So I'm writing a Flocking System (http://www.red3d.com/cwr/boids/).

Each boid calculates it's vectors, I would like to draw these vectors with a helper class for debugging purposes.

Who should implement the DrawAllLines function ?

Please note that I'm using c#, so there is no friend functionality like in C++.

Please also note, that DrawAllLines is much bigger in the reality, that's why I would like to move that code to an other class.

Attempt #1:

Boid

public class Boid
{
    private Vector3 cohesion;
    private Vector3 separation;
    private Vector3 aligment;

    public void DrawLines()
    {
        DrawLine(cohesion);
        DrawLine(separation);
        DrawLine(alignment);
    }
}

Debug

public class Debug{
    public DrawAllLines()
    {
        foreach(Boid b in allboids)
        {
            b.DrawLines()
        }
    }
}

Attempt #2

Boid

public class Boid
{
    public Vector3 cohesion;
    public Vector3 separation;
    public Vector3 aligment;
}

Debug

public class Debug()
{
    public void DrawAllLines()
    {
            foreach(Boid b in allboids)
            {
                DrawLine(b.cohesion);
                DrawLine(b.separation);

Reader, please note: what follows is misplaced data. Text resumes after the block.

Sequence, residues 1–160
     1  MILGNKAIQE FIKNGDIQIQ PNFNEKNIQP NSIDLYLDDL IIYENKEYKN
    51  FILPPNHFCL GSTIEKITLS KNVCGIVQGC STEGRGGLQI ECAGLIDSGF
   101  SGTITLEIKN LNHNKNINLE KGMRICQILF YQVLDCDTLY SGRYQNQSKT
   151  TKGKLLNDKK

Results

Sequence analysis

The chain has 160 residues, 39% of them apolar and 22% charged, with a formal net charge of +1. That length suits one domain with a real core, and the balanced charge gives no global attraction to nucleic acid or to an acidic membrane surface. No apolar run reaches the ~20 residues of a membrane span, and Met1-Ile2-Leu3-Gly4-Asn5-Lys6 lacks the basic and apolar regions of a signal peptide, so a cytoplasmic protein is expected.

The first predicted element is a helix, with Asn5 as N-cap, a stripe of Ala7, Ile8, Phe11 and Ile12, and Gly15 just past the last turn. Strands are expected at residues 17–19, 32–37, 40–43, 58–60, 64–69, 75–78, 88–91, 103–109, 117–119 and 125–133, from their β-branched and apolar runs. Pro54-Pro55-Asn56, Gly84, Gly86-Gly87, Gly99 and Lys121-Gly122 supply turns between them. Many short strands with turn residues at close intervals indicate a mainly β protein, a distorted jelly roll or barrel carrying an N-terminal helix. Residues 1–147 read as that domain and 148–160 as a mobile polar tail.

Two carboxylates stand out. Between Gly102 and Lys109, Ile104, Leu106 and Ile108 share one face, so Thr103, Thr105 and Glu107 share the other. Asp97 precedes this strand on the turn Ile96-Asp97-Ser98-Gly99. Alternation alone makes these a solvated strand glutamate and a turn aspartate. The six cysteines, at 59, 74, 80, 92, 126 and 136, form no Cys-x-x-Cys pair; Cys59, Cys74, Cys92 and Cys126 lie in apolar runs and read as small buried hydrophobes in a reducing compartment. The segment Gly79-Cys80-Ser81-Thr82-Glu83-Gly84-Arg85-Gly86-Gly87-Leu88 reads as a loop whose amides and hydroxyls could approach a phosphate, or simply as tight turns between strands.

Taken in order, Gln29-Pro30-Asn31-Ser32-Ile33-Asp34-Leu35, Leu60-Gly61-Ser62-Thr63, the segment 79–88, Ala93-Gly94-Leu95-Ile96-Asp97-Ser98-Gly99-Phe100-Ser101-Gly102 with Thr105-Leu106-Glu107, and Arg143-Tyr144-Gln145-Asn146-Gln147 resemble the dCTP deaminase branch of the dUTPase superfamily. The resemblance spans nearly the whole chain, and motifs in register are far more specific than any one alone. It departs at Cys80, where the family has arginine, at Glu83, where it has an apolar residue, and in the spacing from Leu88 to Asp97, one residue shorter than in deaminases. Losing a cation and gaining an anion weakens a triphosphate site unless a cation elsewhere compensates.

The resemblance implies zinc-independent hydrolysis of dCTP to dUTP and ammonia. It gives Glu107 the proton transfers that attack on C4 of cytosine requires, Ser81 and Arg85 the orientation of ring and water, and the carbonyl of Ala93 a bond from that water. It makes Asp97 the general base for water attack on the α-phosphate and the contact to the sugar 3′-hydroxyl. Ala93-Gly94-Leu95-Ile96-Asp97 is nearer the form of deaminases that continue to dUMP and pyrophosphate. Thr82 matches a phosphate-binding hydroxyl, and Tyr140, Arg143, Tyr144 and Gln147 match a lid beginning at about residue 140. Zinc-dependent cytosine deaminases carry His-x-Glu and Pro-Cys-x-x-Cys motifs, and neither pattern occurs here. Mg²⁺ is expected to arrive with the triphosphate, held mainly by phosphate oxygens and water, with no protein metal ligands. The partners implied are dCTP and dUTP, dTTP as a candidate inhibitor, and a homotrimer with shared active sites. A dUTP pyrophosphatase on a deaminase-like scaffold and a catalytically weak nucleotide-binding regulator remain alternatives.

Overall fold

DrawLine(b.alignment);
            }
    }
}
up vote 1 down vote accepted

There are several related things we want to tease apart,

  1. Information hiding.
  2. Access restriction.
  3. Responsibilities.

In our first case we have the Boid hiding its information via access restriction (by making those fields private), which results in the problem that any responsibility requiring that information must be assumed by the class itself. This leads to code that tightly couples functionality and becomes hard to test, maintain and extend.

Our second attempt gives up on access restriction and information hiding in order to allow another class to take up the responsibility of drawing the Boid.

In this case I would say the second attempt is better than the first, but that what would make it even better would be to make Boid immutable or at least have those properties read-only.

There's no simple formula for what to do about these three aspects of our design, but we can come up with some simple maxims

  1. Do not hide information about your core domain.
  2. Do hide information if it being public would allow your design to be compromised.
  3. Keep access restriction simple. If you find yourself wishing to use a friend/internal/package-level access modifier there's likely something wrong with the design.
  4. Information hiding allows an object to maintain clear ownership of its responsibility.
  5. Conversely, information sharing allows other objects to assume responsibilities.

I find following these rules simplifies design decisions in a way that promotes clean design.

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